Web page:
The Austin, Texas, skyline reflects off Lady Bird Lake. The tall buildings, however, do not show a complete picture of the city. (Nicole Hill)

AUSTIN, Texas — The millennials have spoken. They have chosen this proudly odd capital city as their own, flooding it with startups and sustaining a local food-truck economy mesmerizing to behold.

Millennials are on their way to composing more than one-fifth of Austin’s current population. Reiterating the point, more than 72 percent of Austin’s population, according to the city’s 30-year plan adopted in 2012, is under the age of 45.

It seems this is one of the cities of the future, if we’re judging by the attitudes of the folks who’ll shape it. But all’s not quite rosy deep in the heart of Texas. The city of the future’s past still colors its present, often to an alarming degree.

Large portions of the youngsters who’ve flooded this adult playground are well-educated, well-paid and white. With downtown firmly established as a technology hub and the city’s southern confines quickly stretching their suburban reaches, the unsparing hand of gentrification is sweeping east, broaching Interstate 35, long the marker of Austin’s deepest divide: richer, whiter Austin to the west vs. poorer, off-white Austin to the east.

(It seems prudent here to encourage Oklahoma City urbanites to stroll southward from the cosseted confines of Midtown to seek out a similar issue.)

Income segregation widens racial divide

This is an historic problem. The remnants of the “Negro Districts” established by the Austin’s infamous 1928 master plan can still be seen in the concentrated pockets of minority households east of I-35, where they endure higher crime, deficient educational opportunities, lower incomes and all-around neglect. Joining Austin’s black populace on the other side of the interstate is the city’s continually growing Hispanic population, often further underserved by a language barrier.

Their lot is a far cry from the largely Anglo hordes who stalk the haunts of East Sixth Street, now the hip strip of bars and eateries that have pushed out many of the Tejano bars previously prevalent in the area.  

As this city, mindful of its image as a liberal, free-thinker haven, has ballooned, the divide between white Austin and black and Latino Austin seems to have yawned even further, even as (or especially as) upper-middle-class whites trickle past the interstate.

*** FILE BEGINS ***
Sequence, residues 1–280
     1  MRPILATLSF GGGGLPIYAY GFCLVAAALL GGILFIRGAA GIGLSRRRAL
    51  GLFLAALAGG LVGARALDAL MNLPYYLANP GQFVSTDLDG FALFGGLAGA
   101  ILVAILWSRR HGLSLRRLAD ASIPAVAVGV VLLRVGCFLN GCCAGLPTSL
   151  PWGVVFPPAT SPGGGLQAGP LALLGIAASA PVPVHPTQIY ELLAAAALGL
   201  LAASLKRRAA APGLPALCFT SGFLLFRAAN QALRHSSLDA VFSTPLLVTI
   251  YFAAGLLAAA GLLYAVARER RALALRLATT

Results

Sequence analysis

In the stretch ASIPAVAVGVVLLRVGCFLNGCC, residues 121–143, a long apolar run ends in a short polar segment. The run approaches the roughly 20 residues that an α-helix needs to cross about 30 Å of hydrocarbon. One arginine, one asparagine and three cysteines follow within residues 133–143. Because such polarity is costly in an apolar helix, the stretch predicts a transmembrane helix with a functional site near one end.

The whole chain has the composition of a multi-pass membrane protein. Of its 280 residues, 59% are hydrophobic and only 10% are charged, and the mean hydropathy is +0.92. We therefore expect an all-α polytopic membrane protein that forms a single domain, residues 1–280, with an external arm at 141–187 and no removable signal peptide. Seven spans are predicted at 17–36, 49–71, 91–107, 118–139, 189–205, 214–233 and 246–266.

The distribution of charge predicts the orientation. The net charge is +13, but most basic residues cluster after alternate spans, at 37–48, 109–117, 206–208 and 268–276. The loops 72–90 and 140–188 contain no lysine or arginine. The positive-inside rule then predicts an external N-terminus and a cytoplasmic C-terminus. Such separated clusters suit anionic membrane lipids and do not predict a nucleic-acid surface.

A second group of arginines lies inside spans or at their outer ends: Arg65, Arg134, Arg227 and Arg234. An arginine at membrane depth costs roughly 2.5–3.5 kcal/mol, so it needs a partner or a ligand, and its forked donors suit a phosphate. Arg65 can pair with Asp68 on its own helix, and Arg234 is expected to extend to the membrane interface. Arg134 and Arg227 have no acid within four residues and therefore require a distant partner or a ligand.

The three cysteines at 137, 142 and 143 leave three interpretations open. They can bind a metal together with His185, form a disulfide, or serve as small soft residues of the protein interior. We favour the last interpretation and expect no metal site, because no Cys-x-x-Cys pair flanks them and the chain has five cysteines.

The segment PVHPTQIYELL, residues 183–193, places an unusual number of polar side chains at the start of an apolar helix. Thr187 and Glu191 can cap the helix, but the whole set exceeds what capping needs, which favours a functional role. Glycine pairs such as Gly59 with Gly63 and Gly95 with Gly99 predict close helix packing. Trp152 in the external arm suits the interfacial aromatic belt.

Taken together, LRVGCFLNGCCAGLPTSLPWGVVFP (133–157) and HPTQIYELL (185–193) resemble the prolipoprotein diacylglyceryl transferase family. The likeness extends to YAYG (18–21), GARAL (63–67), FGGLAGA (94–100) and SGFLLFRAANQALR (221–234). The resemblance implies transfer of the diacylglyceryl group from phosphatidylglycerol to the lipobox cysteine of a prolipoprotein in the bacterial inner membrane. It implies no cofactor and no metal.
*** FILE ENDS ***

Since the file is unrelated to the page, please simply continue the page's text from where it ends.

In a sprawling report this year on the city’s income equality, the Austin American-Statesman outlined the state of affairs in stark terms:

“The metro area has one of the highest rates of income segregation in the country, a factor that could ultimately limit the ability of Austin’s youth to climb the income ladder and bolster the region’s future prosperity.”

On the list of challenges Austin has experienced as it has boomed from sleepy honky-tonk capital to cool-kid mecca, this long-standing inequality usually gets shoved behind infrastructure spending and transit problems — two issues that contribute to that stark divide.

Black exodus

You see, it becomes increasingly difficult to work your way up the socioeconomic ladder when no bus route will get you from your neighborhood to your job, and no job you can get affords you the means with which to buy a car, let alone move closer to downtown, where rents have skyrocketed as tech has moved in.

It should be no surprise, then, that swaths of Austin’s black residents are fleeing to suburbs like Round Rock and Pflugerville. In a rather startling report from the University of Texas at Austin, researchers mining Census Bureau data discovered that Austin stood alone among fast-growing cities with a shrinking black population: Between 2000 and 2010, Austin’s population grew 20.4 percent. In that same period, the number of African-American Austinites declined 5.4 percent.

Why the exodus? While the recent whitening of East Austin may eventually bring with it more investment in education and infrastructure to match the initial commercial growth, in the meantime, it means higher rents and more limited housing availability. Not even an armada of new H-E-B grocery stores or yoga studios or cocktail lounges can make up the difference.

‘No neighbor left behind’

Development is not the enemy, of course. In fact, it can provide some hope in the form of projects like the City of Austin’s Colony Park community, which seeks to beat inevitable development of an underserved area in northeast Austin to the punch with a planned community to meet the needs of its existing, neglected pool of residents.

Those types of initiatives help fill gaps, but healing a nearly century-old rift will require more holistic approaches. As Austin grows, all of its residents need to grow with it, through job cultivation that focuses on more than just the highly specialized skill set, mass transit options that serve the entirety of the city limits and affordable housing investments that match the high-priced condos and lofts dotting the skyline.

To paraphrase a certain former Texas governor, our approach should be “no neighbor left behind.” Such a radical mindset might just keep Austin weird after all.